Sometimes a cigar is just a cigar, but not for Gary Oldman

Gary Oldman is a chameleon of an actor, suppressing his own strong personality and even looks as he disappears into roles like Dracula, Sirius Black, and Sid Vicious. In 2017, he took on what was simultaneously his most high-profile and obscuring role to date: World War II-era Winston Churchill in the awards-bait epic, Darkest Hour. Oldman looks, sounds, and behaves exactly like the great English prime minister, including his near constant cigar-smoking. 

During filming, Oldman smoked around 400 Romeo y Julieta Cuban cigars — Churchill's preferred brand in real life. "You'd have a cigar that was three-quarters smoked and you'd light it up, and then over the course of a couple of takes, it would go down, and then the prop man would replenish me with a new cigar," Oldman told The Hollywood Reporter. When that had to happen for 10 or so takes per scene, Oldman wound up suffering for his art: "I got serious nicotine poisoning."

Kate Winslet's Oscar came at a price

Kate Winslet won an Oscar for portraying Hannah Schmitz, an illiterate Nazi camp guard who preys on a teenage boy in The Reader – but was it worth it? Winslet had a difficult time both finding her character, and then letting go of it afterward. 

Before shooting, Winslet viewed film of a Nazi concentration camp, which understandably disturbed her. "Once you see documentary footage of the camp, you read anything on the Holocaust, you can never un-see those things, you can never un-hear, un-read them. I'm still absolutely traumatized by so much of what I saw during the preparation process," Winslet told The Huffington Post

After filming wrapped, Winslet said she "walked away like some car crash victim who somehow hadn't been hurt on the outside, but I felt like I couldn't speak [about it]. It was truly overwhelming. I really went somewhere. I was in some kind of a trance. And I'm still coming to terms with all of it."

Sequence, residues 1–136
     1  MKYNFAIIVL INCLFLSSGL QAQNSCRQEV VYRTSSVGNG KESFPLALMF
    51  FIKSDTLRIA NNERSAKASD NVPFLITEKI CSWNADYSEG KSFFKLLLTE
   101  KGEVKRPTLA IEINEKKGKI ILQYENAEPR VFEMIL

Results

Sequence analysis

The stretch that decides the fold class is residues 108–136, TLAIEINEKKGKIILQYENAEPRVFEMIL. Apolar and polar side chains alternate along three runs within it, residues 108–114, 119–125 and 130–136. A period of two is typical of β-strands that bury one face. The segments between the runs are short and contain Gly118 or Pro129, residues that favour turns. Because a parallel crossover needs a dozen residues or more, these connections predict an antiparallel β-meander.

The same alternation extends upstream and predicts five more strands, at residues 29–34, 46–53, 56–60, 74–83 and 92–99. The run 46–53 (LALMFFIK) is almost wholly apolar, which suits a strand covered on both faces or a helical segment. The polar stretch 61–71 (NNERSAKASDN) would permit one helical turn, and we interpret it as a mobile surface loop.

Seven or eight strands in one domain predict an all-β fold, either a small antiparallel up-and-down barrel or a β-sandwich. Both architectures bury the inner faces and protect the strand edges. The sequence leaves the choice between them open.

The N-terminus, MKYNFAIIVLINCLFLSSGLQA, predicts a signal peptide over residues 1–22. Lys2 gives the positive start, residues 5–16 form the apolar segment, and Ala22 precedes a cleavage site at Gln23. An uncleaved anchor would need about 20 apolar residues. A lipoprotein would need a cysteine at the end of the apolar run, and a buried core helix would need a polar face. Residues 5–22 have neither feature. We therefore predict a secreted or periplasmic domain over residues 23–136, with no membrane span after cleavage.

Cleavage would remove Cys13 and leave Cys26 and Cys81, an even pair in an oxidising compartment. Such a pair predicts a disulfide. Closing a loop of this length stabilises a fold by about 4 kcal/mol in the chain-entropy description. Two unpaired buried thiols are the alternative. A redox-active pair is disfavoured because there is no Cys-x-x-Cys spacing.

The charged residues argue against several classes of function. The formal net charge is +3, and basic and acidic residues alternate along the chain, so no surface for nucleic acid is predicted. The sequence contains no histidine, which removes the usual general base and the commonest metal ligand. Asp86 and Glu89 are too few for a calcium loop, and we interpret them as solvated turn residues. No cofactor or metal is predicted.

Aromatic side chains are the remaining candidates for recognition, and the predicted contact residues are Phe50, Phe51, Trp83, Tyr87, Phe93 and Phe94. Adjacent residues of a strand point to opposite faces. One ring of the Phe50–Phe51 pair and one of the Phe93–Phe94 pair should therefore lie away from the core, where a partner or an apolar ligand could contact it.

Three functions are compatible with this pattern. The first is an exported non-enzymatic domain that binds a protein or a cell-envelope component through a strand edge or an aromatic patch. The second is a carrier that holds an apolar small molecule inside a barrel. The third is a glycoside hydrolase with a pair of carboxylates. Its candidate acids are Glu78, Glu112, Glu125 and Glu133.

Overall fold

Mila Kunis can't stand the weight

Black Swan is a trippy, fascinating movie loaded with career-high performances by Natalie Portman, Winona Ryder, and Mila Kunis — who at that point was best known for an eight year stint as Jackie Burkhart on the sitcom That '70s Show. 

Kunis is haunting as the adversarial ballerina-but-also-obsession of Portman's character, a role that required the already tiny actress to drop down to just 95 pounds. Kunis later gained back the 20 pounds she lost with no problem. But in doing so, the actress says her body "has never been the same." 

The rapid weight loss and subsequent gain apparently changed the very shape of her figure: "When I got down to 95 pounds, I was muscles, like a little brick house, but skin and bones," Kunis told Harper's Bazaar. "When I gained it back, it went to completely different areas. All the weight that left my chest went to my side hip, my stomach."